9/11 attacks, convinced several presidents (especially GW Bush, and perhaps
Obama) that civil and/or homeland defense should be the centerpiece of federal
emergency management. Johnson, Nixon, Carter, and Clinton saw federal
emergency management as less a matter of civil of homeland defense and more as
management of non-war disasters and calamities (Sylves and Buzas 2007; Sylves
Some presidents take an interest in emergency management and provide it
with an administrative locus; some take care to appoint capable leaders to top
emergency management posts; and some press for adequate federal disaster
management budget authority. A few do some combination or all three. Others
either intentionally or unintentionally neglect these needs. For some presidents,
how interested they are in disaster management is directly related to whether
states and localities suffer catastrophes, or highly publicized successions of lesser
natural or human-caused disasters, during their tenure. Major disasters and
catastrophes tend to change presidents and their policies; rarely do presidents alter
their disaster management behaviors and policies “pro-actively” (Sylves 2006).
While all four phases of emergency management – prevention, mitigation,
response, and recovery – involve the president in some capacity, we emphasize
the response and early recovery phases in this analysis. These phases usually draw
the most news media and public attention and so shape the public’s perception of
a president’s leadership skills.
General Criteria for Evaluation of Presidential Performance
As Pfiffner (2003) notes, there is both continuity and volatility in the ranking of
presidents. The factors that affect ratings vary considerably (King 1999). Indeed,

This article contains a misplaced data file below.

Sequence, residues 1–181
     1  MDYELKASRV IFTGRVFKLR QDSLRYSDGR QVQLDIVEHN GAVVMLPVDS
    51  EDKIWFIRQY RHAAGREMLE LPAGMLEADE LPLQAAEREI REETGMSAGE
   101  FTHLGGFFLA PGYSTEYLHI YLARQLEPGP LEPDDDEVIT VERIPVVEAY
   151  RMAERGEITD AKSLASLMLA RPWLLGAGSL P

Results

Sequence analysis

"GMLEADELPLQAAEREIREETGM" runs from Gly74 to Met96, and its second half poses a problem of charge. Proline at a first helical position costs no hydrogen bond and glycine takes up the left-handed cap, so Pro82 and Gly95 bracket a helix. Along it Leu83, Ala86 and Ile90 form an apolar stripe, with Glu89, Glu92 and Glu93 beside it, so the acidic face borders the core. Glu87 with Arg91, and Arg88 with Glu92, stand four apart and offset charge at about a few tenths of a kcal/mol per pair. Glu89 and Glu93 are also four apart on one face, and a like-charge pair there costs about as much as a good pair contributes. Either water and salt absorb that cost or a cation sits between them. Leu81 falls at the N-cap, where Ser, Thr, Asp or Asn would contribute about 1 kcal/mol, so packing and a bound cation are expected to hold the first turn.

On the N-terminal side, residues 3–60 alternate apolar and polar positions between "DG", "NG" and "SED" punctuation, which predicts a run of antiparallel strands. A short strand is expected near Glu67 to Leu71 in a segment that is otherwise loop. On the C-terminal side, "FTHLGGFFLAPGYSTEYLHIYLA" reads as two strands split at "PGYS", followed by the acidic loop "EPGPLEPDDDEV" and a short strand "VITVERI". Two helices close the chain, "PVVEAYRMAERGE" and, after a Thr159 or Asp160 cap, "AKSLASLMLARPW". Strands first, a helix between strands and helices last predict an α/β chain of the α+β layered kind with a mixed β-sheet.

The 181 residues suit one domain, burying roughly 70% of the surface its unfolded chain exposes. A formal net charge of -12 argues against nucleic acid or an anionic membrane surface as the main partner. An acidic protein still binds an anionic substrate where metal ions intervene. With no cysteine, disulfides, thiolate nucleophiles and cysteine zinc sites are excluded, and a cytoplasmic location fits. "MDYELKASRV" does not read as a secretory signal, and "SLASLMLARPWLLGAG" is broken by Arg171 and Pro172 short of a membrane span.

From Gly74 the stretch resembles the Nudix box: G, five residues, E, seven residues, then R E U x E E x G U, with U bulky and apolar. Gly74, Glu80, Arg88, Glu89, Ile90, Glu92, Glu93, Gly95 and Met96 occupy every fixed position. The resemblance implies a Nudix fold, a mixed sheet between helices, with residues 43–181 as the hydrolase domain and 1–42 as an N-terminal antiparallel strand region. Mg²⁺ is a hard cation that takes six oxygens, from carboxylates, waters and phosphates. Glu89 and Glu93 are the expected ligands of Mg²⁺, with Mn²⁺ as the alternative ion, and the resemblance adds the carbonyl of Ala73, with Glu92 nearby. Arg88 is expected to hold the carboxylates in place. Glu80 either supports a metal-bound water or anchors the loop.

the estimates of professional historians and the popular sentiment do not always
concur. For example, the general public tends to rank Kennedy and Reagan more
highly than historians, while historians tend to rank Johnson more highly than
does the public (Rasmussen 2007; Siena 2010). Similarly, there is, as yet, no clear
consensus about how to evaluate and rank presidents based on their disaster
management performance. We base our evaluation on three sets of assumptions
that appear in the literature.
Status and Structure of Emergency Management. We assume that presidents with
superior disaster management performance are those who have been able to
distinguish between the management of natural disasters and the management of
national security or terrorist-related events and threats. Further, there is the
assumption that the management of natural or human-caused disasters (e.g.,
industrial accidents and biological disasters) is not made secondary to civil or
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homeland security concerns. Many emergency managers in recent decades have
come to possess professional knowledge, skills, and abilities. Their effectiveness
may be compromised or stifled if they are subsumed within large hierarchies with
skewed emergency management priorities. For instance, top federal emergency
managers need access to the president at certain points. Some presidents have
made access easy (Carter, Clinton) and others have made it challenging (GHW
Bush, GW Bush).
Presidents tend to meet these criteria when they support and sign
emergency management-related laws, executive orders, and special messages to
Congress, and when they advance emergency management-friendly presidential
reorganizations (Cooper 1986; Krause and Cohen 1997; Mayer 2001). For
example, President Carter helped to consolidate a bevy of disparate agencies into
the Federal Emergency Management Agency (FEMA), a small but independent
agency. Carter ensured that the head of FEMA would report directly to the
president. By the mid-1990s, President Clinton elevated the Director of FEMA to
cabinet status, signifying his concern about emergency management and his
desire for FEMA-led inter-departmental coordination in times of disaster (Gerber
and Cohen 2008).
Competence of Appointees. Second, presidents enhance their records when they
select and appoint emergency management directors who are experienced and
competent in the field of emergency management and who have the ability to
communicate well with the president and public (e.g., James Lee Witt, David
Paulison, and Craig Fugate). The reverse is true when presidential political
appointees who lack knowledge or experience in emergency management win
political appointment. While it is not uncommon for highly capable individuals to